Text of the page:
(Previous entries: Part 1, Part 2, Part 3)
Code Error Checking, Standards, and Obfuscation
As we continued the project, we realized we needed to have at least some validation for our code so it wouldn't take so long to debug problems that turned out to be simple syntax errors or otherwise mis-typed values. The best method we found for this was JSLint:
- Tolerate messy whitespace (white): This puts a lot of strictures on code formatting that don't comply with our own coding styles (most notably spaces around parenthesized expressions and line breaks before opening new curly braces).
- Tolerate ++ and -- (plusplus): This is meant to keep developers out of trouble if they're expecting to use these operators and their side effects. But for our purposes, we don't code with the expectation to use said side effects, and using these operators for loops is highly convenient.
- Tolerate continue (continue): We're not quite sure why this is a standard JSLint check, but some loops are easier to write with the continue statement, so we turned this off.
JSLint has a number of quite useful standards that we revised our code to comply with:
As a nice carryover from standard Java, variables and normal functions are named with initial lowercase letters. Only functions that are actually classes begin with uppercase letters.
With all of code JSLint-checked, the next trick was to be able to optimize and obfuscate the final version of the code for deployment to the web. For this, the best recommendation was the Google Closure Compiler.
This provides a very simple command line to put in your input file or files, and get optimized and obfuscated code out. Plus, it will do analysis on the code and output errors and warnings.
For this particular game, we needed to use the accelerometer to control the car when it was run on a mobile device. There are a few different events available to get accelerometer input, but again, their availability varies depending on the device and the software version. Android version 2.3.3 and below does not seem to support any of the accelerometer events we tried.
This provides three rotation angles for the device, labeled alpha, beta, and gamma. It's supported on all our target devices, and so we ended up using it for our control input.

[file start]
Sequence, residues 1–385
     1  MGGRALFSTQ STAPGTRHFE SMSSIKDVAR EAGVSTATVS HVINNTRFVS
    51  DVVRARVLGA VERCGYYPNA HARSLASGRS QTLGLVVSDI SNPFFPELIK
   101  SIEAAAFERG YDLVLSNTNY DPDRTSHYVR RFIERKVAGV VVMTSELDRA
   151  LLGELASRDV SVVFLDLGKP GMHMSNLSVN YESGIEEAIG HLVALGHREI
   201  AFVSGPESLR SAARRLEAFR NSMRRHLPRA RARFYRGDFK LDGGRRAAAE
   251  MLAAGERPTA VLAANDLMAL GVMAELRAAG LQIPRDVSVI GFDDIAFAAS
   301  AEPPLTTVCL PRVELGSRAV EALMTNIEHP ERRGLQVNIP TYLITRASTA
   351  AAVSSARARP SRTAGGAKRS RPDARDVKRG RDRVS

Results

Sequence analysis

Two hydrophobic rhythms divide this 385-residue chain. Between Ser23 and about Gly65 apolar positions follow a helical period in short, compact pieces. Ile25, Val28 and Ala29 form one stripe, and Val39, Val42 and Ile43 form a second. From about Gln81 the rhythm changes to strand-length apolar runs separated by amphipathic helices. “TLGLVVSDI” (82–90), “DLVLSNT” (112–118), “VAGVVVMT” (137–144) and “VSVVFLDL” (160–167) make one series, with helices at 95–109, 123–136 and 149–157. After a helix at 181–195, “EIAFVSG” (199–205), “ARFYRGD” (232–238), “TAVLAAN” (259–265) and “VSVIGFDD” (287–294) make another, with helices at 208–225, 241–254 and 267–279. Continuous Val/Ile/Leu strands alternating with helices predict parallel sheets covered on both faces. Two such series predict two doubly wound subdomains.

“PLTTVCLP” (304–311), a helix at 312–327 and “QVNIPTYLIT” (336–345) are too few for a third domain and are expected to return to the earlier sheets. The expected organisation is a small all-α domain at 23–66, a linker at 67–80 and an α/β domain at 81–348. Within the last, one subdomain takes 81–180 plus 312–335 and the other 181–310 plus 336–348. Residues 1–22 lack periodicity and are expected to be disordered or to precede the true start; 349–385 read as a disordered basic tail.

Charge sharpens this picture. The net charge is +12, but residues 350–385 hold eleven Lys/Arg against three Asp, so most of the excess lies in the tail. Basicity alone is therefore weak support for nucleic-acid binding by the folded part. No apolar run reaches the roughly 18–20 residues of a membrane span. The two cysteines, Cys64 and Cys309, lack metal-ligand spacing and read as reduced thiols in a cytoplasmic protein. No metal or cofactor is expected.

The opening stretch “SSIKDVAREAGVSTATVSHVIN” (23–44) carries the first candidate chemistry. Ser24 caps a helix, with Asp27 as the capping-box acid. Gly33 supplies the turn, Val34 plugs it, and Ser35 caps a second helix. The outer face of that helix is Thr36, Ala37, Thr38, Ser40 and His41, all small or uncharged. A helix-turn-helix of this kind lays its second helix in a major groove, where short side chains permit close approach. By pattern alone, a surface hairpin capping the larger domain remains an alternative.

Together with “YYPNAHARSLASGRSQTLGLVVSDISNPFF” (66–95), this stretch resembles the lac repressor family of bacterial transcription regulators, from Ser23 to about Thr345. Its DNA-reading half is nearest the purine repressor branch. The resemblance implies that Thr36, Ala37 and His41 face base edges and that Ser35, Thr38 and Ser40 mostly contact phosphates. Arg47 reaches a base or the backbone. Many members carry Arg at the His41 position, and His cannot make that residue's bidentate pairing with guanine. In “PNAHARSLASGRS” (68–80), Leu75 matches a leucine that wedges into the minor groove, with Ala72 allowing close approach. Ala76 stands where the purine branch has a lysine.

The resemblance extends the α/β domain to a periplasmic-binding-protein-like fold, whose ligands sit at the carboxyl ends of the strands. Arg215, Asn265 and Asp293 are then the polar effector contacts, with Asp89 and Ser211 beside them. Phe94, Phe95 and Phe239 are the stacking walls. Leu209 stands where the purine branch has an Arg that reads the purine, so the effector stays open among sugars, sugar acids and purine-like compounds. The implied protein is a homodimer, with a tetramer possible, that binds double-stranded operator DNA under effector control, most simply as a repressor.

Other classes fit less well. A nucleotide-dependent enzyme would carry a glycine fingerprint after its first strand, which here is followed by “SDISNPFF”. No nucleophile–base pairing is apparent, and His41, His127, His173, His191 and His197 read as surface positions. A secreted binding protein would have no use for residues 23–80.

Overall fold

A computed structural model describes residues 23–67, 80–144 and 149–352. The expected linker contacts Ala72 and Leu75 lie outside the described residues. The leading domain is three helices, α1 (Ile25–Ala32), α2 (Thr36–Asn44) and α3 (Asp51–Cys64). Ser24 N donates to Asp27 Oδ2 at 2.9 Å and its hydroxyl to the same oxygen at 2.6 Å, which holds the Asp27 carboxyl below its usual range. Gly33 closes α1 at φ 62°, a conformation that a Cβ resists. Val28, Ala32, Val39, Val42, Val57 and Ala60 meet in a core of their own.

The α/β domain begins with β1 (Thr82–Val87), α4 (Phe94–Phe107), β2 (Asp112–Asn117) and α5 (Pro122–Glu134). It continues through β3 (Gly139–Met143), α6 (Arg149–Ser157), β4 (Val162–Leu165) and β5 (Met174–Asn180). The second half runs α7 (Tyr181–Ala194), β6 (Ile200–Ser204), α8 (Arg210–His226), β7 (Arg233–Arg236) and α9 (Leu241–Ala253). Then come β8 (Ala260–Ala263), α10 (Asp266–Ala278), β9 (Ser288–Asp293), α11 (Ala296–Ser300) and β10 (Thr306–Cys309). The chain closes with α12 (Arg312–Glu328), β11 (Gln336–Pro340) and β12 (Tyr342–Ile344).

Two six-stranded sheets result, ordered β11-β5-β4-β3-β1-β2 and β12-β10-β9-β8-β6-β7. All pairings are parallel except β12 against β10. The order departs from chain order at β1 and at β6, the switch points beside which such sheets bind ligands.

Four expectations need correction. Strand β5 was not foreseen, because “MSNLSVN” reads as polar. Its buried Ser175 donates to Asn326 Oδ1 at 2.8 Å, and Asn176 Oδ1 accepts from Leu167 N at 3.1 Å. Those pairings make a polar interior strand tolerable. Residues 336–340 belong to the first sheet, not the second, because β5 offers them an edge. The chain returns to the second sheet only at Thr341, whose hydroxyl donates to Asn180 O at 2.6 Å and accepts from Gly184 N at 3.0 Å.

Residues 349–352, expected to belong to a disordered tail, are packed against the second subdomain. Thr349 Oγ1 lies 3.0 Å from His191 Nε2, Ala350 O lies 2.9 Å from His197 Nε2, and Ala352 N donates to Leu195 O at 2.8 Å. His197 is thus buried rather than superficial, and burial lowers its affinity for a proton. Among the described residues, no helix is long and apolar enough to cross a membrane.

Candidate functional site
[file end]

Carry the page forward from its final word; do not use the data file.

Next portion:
This provides actual acceleration vector values, and depending on the device, separated gravity values. It was not supported on all the Android devices we tested, though, as it's originally an iOS specification.
We also needed to track window.orientation, which gives values (from our tests) of -90, 0, 90, and 180. This lets us know the screen's orientation, since the actual values returned from the accelerometer events are independent of the screen orientation.
Audio was the last major piece of the puzzle for this HTML5 experiment. The HTML5 audio object is limited, especially on mobile devices. On the surface, most of the usual functionality seems to be there: loading different types of files, playing them, seeking to points in them. Looping isn't yet a first-class citizen; you have to set a delayed function call (often through setTimeout()) to restart the audio object. A good discussion of what's available can be found here:
iOS, however, throws all of this expected functionality out the window and severely limits what you can do with audio. Apple explains their stance here:
Essentially, they don't want users accidentally overrunning their bandwidth allotments because the particular HTML5 application downloads a bunch of unexpected video and audio data. So they don't let anything download unless it's called directly from a user click action. So far, the only solution that got us close to normal behavior on iOS is here:
We group all of our sound effects into a single audio file that's loaded when the user clicks the "Play Game" button. Then, when we actually want a sound effect to play, we seek the audio file to its time marker and start it playing, then set a delay timer to stop it playing after its time length has run out. This does limit us to playing a single sound effect at a time, because iOS only allows one audio object in memory at a time. Also, in order to get maximum performance on iOS devices, we have to encode the audio in Apple's native AIFF wrapper, using the IMA-ADPCM codec within it, since iOS devices decode that natively. MP3 is also supported, but playback is much slower.
Ultimately, audio is a giant pain to deal with if you want your HTML5 application to run on iOS. It slows down what is otherwise a very well-optimized implementation of HTML5.
And that wraps up the series about our first foray into HTML5 development. There are a lot of powerful things here, but also a lot of pitfalls, and a lot more platform-specific issues to work out than one might expect.
Still, there will be plenty of opportunities to use these technologies in future projects.